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  1. passing aimlessly from one subject to another; digressive; rambling.
  2. proceeding by reasoning or argument rather than intuition.

Origin of discursive

From the Medieval Latin word discursīvus, dating back to 1590–1600. See discourse, -ive
Related formsdis·cur·sive·ly, adverbdis·cur·sive·ness, nounnon·dis·cur·sive, adjectivenon·dis·cur·sive·ly, adverbnon·dis·cur·sive·ness, noun

Synonyms for discursive

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Dictionary.com Unabridged Based on the Random House Unabridged Dictionary, © Random House, Inc. 2018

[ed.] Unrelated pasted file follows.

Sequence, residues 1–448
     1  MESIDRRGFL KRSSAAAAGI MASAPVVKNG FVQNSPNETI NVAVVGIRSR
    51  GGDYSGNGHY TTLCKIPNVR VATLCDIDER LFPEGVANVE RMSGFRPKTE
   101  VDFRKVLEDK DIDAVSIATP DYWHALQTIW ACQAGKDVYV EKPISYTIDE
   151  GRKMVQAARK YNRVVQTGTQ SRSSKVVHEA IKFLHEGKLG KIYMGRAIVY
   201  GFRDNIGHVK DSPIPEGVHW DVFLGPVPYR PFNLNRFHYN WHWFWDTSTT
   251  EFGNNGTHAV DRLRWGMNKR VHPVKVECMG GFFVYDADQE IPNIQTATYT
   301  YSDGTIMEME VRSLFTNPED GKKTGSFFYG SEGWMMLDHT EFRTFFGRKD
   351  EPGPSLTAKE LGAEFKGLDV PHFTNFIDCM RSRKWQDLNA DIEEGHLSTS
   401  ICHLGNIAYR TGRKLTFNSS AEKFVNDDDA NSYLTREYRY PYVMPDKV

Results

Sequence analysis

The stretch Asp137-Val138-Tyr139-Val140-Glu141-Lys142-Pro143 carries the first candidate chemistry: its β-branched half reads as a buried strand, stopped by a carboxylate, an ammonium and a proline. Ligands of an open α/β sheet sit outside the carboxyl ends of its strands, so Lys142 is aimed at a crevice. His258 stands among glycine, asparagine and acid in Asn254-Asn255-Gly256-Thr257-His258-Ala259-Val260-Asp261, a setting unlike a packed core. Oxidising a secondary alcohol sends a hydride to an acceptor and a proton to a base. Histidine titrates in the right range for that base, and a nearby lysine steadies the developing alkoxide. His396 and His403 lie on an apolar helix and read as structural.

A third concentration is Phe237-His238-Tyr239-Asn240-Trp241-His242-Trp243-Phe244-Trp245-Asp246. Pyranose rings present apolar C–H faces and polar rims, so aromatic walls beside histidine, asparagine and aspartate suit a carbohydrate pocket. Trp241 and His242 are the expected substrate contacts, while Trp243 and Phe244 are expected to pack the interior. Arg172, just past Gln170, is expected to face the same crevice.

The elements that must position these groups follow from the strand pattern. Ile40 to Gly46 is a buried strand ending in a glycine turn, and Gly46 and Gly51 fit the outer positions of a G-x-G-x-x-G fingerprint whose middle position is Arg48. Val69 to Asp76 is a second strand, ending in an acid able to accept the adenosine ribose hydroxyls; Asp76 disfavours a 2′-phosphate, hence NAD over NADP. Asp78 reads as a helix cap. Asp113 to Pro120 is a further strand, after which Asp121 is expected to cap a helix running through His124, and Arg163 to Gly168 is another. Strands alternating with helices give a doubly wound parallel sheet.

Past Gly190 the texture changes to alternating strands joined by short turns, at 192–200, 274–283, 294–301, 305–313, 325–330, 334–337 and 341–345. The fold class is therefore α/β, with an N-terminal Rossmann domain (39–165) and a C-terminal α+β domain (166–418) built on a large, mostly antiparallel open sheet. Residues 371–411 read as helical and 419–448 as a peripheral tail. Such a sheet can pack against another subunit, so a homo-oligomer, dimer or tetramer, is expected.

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Historical Examples of discursive

British Dictionary definitions for discursive


  1. passing from one topic to another, usually in an unmethodical way; digressive
  2. philosophy of or relating to knowledge obtained by reason and argument rather than intuitionCompare dianoetic
Derived Formsdiscursively, adverbdiscursiveness, noun

Word Origin for discursive

C16: from Medieval Latin discursīvus, from Late Latin discursus discourse
Collins English Dictionary - Complete & Unabridged 2012 Digital Edition © William Collins Sons & Co. Ltd. 1979, 1986 © HarperCollins Publishers 1998, 2000, 2003, 2005, 2006, 2007, 2009, 2012

Word Origin and History for discursive

1590s, from Middle French discursif, from Medieval Latin discursivus, from Latin discursus "a running about" (see discourse). Related: Discursively.

Online Etymology Dictionary, © 2010 Douglas Harper